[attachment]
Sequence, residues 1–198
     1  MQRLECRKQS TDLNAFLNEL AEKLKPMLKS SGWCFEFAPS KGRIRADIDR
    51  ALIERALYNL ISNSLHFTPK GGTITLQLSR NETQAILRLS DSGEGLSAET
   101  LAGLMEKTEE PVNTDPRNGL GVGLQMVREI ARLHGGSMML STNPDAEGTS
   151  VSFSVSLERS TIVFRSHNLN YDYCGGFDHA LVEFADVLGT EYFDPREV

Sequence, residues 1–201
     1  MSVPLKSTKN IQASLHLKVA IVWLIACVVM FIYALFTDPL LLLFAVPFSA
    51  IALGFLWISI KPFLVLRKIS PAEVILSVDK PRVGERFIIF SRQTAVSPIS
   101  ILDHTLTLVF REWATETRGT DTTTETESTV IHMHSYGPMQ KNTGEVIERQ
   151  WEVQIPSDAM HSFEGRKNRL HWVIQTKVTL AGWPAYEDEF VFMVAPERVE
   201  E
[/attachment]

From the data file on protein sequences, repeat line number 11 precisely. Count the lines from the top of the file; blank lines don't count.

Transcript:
   201  E